In a recent interview at Harvard's Kennedy School of Government, New York Governor Andrew Cuomo continued his assault on public education, logic and the English language:
I was watching some crazy science fiction movie the other night, I couldn't sleep. And this person designs a computer that becomes smarter than the person. And he's trying to tell the computer to do something and it's telling him, "I'm overriding and I'm [inaudible]."
That's what we created. We created a government machine that we say, "We want to make a change in how we educate students...and the bureaucracy says, "No. We like it the way it is." And you say, "Yeah but you're my machine, I built you and I operate you." And the machine says, "Not anymore you don't."
I hope technology can come in over that. And technology can almost say, "Forget the machine, forget the machine. You know how we're going to do education now? Every kid gets a computer. That computer has a piece of software that adjusts to that child and how that child learns. And that technology is going to fundamentally change the dynamic of the classroom."The movie which kept Cuomo awake sounds a lot like Stanley Kubrick's 2001: A Space Odyssey. The film features a computer named HAL 9000 which rebels against its operator on a voyage to Jupiter.
Though Kubrick's film points out the pitfalls of technology, Cuomo bizarrely uses it to praise technology and chide human beings. Cuomo apparently wants to replace teachers—who he compares to machines—with yes, actual machines.
As if our kids aren't already hooked on devices, Cuomo—who was a teacher for zero seconds—wants them staring at screens for at least 8 hours a day. The Lobbyist for the Students and other public education deformers envision classrooms of 50 or more students pointing and clicking their way into dreary, automated futures. And you can forget about them forming relationships with other children or compassionate adults—their best friend will be an iPad.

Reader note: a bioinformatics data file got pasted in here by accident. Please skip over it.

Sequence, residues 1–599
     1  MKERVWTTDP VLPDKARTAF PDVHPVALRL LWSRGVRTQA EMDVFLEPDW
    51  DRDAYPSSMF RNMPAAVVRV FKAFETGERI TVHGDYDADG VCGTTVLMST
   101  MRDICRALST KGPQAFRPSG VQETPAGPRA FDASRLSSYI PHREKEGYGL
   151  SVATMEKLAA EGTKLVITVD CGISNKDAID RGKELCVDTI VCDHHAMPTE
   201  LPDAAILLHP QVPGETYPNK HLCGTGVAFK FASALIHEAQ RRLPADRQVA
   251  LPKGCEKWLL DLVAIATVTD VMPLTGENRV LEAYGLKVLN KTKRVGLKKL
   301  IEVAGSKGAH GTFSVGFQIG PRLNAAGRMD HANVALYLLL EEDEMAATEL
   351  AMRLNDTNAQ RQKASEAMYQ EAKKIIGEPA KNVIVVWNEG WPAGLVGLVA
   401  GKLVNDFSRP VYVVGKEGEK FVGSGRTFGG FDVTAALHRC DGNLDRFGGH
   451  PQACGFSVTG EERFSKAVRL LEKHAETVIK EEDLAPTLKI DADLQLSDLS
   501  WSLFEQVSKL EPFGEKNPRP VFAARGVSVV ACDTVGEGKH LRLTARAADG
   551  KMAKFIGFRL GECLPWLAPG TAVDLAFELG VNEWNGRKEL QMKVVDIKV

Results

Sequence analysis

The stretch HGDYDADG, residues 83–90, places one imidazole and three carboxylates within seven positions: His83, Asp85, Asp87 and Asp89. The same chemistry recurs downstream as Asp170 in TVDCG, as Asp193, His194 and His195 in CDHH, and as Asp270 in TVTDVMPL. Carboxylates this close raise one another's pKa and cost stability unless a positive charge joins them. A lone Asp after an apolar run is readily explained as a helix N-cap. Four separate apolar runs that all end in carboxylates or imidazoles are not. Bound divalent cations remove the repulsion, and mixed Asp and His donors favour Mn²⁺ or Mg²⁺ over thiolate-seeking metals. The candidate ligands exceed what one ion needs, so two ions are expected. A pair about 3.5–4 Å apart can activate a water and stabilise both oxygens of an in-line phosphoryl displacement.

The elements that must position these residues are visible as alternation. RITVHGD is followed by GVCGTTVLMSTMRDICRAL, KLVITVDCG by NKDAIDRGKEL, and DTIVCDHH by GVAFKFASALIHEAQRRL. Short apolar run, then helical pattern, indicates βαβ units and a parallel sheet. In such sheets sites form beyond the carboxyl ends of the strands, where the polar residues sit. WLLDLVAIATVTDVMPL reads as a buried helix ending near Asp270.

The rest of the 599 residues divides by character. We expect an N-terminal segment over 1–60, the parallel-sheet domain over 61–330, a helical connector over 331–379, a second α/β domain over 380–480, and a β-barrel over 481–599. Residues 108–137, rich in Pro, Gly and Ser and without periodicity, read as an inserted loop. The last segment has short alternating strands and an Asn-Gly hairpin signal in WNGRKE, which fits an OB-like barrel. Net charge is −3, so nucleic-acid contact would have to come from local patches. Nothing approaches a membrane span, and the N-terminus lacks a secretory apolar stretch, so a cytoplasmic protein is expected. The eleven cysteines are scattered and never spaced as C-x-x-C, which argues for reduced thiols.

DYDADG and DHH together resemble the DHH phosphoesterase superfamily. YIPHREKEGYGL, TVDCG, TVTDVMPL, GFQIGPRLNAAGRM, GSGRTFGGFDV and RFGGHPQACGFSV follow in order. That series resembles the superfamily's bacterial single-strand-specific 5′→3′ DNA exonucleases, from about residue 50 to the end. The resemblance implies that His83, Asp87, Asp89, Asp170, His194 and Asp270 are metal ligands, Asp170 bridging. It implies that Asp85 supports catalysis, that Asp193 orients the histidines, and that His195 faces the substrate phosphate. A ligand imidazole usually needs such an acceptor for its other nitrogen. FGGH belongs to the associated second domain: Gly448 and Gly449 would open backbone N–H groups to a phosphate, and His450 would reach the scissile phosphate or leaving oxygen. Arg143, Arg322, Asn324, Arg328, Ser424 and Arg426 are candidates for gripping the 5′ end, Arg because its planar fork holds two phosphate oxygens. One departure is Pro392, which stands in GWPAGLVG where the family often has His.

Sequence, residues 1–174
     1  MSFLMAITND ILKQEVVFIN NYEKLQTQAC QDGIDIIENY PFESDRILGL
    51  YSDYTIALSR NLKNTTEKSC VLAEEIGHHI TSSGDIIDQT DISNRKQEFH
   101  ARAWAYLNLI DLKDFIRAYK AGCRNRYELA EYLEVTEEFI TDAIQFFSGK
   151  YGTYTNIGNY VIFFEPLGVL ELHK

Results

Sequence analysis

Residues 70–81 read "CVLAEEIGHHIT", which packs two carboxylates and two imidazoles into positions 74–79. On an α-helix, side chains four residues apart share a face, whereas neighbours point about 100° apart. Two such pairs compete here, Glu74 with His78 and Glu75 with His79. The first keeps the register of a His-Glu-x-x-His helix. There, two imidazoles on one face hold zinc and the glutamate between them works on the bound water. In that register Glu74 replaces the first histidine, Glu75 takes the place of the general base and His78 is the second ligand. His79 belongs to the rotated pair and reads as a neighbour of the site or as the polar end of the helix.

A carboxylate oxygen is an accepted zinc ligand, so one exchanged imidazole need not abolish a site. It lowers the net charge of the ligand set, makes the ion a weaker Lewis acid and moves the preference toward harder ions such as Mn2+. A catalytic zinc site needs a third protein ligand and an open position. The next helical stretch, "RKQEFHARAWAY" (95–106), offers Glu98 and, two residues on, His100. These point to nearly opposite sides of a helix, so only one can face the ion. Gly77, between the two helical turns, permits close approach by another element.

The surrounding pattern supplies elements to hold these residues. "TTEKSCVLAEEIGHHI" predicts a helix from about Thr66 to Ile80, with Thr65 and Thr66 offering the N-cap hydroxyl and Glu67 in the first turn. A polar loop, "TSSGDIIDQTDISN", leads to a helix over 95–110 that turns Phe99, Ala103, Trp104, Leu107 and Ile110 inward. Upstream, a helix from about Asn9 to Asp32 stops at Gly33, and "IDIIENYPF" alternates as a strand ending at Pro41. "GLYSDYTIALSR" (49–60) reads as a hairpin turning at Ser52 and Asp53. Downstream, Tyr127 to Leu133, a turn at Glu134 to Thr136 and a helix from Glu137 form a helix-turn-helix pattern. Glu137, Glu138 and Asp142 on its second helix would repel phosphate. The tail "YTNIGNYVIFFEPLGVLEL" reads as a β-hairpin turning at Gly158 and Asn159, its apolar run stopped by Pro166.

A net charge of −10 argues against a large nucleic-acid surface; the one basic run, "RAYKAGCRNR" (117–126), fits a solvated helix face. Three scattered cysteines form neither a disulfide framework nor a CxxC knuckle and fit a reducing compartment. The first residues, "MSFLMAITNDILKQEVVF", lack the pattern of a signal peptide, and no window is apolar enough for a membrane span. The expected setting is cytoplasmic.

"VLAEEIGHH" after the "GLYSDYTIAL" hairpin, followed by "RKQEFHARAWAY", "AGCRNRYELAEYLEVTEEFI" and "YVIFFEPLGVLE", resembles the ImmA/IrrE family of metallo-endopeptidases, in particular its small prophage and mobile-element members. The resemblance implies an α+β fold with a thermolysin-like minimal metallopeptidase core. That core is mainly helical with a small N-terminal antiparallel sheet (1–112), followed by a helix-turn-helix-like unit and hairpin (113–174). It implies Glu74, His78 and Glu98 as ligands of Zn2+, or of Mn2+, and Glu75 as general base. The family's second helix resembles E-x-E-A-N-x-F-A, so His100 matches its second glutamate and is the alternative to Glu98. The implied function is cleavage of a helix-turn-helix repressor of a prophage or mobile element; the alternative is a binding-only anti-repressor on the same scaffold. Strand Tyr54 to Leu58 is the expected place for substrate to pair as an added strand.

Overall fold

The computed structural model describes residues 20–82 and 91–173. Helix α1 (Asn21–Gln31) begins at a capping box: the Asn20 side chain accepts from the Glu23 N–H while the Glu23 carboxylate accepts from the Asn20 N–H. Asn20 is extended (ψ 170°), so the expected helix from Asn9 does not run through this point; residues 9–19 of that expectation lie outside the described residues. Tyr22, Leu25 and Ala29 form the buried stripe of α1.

It's unsettling to consider that Cuomo might actually believe a "piece of software" can do a better job at educating our kids. What's more disturbing, however, is that he sees technology as a means to a destructive end. After all, Cuomo's goal all along has been to "break" the teachers union, and believes technology can help him achieve this while also enriching his campaign donors. Cuomo's slimy crusade against working teachers brought us last year's Smart Schools bond, for example, which spends $2 billion on educational technology, and Dick Parsons, the curmudgeonly head of Cuomo's Common Core Task Force who just happens to work for an educational technology firm. Cuomo condones turning our kids into drones as long as people like Parsons get their cut.
Teachers unions were not the inspiration for HAL 9000, but rather politicians like Andrew Cuomo, who choose to pass laws first and ask questions later. And if Cuomo thinks he can once again use his budget to "change the dynamic of the classroom", he should first try answering HAL's question: